These changes, however, prompted a renewed flood of transfer requests and early retirements, as many officers had grown quite accustomed to resting in the comfort of their AC-cooled patrol cars and did not relish walking or bike-riding for hours on end under the swamp sun. Initially, Montgomery replaced these disgruntled employees with officers loyal to his vision of community policing, and when possible, those of minority background. The top brass, however, has since pumped the brakes on this strategy by regularly issuing hiring freezes in the 4th, which over the past two-and-a-half decades have left the 4th the NOPD’s most grossly underfunded and understaffed district. In response, Montgomery has had to severely “flatten the organizational pyramid”, which has meant placing greater decision-making and discretion in the hands of his front-line officers (a fact which some of them greatly enjoy). These circumstances have also ironically forced even the most old school officer in the 4th to rely on local citizens’ support and assistance, including off-loading certain responsibilities (if not whole communities) to neighborhood watch groups. Since the Violent Crime Control and Law Enforcement Act of 1994 established the Office of Community Oriented Policing Services (COPS) within the Justice Department, Montgomery has also spent increasing, and increasingly successful, time writing and procuring federal block grants from the DoJ. With these tightly earmarked funds (overseen by the National Center for Community Policing, which is fortuitously housed by his alma mater), Montgomery has hosted regular community-police carnivals, complete with BBQs, pony rides, and concerts performed by local musicians and cops alike.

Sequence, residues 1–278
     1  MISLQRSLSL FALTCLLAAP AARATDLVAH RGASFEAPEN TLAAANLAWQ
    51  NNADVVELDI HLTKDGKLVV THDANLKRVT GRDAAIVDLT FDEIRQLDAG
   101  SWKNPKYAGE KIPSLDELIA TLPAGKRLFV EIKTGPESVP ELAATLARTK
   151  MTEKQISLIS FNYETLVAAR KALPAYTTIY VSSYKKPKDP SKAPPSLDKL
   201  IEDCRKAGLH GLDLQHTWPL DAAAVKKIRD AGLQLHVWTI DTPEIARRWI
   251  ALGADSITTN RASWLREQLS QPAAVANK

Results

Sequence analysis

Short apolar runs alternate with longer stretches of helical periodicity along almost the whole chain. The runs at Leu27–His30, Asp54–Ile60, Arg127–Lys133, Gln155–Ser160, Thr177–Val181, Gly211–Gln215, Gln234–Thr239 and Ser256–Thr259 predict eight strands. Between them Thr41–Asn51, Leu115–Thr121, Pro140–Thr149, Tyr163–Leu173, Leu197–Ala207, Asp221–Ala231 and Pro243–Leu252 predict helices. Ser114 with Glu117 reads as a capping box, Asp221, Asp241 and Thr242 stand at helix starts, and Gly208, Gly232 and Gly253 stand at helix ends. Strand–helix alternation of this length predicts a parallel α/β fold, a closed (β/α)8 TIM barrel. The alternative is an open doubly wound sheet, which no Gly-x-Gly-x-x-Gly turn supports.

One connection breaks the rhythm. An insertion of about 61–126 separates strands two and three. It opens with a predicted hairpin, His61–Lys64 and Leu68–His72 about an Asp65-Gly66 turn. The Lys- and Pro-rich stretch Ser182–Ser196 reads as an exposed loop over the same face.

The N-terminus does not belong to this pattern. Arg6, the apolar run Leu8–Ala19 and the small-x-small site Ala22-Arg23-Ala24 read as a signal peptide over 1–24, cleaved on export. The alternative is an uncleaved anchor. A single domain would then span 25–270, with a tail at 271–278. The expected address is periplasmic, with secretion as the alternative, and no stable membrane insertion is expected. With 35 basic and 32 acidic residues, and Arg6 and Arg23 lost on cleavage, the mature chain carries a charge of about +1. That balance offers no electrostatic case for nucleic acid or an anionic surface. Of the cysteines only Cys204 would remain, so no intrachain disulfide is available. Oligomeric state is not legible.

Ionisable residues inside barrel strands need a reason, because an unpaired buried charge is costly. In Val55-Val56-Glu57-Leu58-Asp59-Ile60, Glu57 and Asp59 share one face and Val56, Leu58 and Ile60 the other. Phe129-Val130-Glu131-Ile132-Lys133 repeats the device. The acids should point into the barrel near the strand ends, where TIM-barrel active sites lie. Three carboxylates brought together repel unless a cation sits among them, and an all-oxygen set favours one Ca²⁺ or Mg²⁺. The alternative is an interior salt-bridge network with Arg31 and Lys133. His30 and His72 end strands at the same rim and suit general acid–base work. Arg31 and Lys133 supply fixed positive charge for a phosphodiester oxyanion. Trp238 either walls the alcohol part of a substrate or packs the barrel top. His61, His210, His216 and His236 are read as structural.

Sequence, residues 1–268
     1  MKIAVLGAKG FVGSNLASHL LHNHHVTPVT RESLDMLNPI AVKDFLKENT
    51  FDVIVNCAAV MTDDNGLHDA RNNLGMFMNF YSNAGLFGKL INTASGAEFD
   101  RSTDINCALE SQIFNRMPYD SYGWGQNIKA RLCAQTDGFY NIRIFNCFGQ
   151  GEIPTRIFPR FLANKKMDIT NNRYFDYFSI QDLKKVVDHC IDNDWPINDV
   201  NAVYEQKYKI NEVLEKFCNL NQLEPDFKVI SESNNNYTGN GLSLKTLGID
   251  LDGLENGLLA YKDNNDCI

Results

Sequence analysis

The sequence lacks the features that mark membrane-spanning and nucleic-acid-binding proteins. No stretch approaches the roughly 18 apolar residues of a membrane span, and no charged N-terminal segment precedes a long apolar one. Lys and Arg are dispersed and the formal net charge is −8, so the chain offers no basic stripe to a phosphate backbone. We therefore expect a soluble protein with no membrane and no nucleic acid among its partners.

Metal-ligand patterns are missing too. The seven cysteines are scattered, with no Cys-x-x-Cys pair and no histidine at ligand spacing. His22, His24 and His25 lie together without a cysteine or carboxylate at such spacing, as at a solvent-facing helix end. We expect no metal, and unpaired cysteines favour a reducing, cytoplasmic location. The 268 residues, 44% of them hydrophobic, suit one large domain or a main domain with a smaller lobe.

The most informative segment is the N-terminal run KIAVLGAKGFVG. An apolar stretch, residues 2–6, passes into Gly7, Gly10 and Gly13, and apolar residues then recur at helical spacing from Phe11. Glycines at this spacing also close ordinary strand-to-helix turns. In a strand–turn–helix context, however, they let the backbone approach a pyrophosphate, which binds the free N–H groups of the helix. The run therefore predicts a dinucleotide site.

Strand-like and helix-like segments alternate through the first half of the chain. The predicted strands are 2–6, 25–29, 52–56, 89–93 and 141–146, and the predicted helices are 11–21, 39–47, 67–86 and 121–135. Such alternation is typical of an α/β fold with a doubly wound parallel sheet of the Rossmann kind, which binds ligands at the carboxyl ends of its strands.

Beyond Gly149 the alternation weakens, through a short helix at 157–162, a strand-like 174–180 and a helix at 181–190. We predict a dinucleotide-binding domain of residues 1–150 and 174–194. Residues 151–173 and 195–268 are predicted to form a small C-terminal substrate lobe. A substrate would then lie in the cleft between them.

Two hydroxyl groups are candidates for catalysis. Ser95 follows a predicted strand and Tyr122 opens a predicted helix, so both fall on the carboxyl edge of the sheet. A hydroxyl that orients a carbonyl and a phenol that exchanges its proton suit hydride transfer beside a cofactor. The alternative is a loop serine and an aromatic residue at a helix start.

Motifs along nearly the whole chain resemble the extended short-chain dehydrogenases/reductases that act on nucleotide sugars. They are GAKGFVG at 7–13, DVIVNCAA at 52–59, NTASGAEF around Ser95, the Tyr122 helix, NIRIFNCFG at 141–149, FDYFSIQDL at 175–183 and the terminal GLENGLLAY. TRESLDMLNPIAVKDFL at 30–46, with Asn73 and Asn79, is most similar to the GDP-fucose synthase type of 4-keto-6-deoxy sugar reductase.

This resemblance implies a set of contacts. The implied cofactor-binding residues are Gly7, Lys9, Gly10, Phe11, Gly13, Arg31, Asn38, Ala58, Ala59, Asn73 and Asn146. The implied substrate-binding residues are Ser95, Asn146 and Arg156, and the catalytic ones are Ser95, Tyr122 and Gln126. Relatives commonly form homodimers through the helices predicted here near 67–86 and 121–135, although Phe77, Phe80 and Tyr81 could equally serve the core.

The results are telling. Since Montgomery’s takeover in 1987, the 4th District’s crime rates–at least as measured in FBI’s Uniform Crime Reports, National Incident-Based Reporting System, and Bureau of Justice Statistics’ National Crime Victimization Survey–have plummeted. Granted, so too has the national average, but the 4th district’s improvements have been particularly notable in contrast to the NOPD’s other districts. Moreover, much of these gains have occurred in the district’s poorest areas, such as McDonogh, Whitney, and even the Fischer Projects. The latter area specifically underwent redevelopment in the 2000s, which included a $1.2 million joint COPS and HANO block grant that demolished the Projects’ 13-story high rise and three 3-story low rises, replacing them with 640 new public and Section 8 housing units alongside a new nursing home, community center, and playgrounds.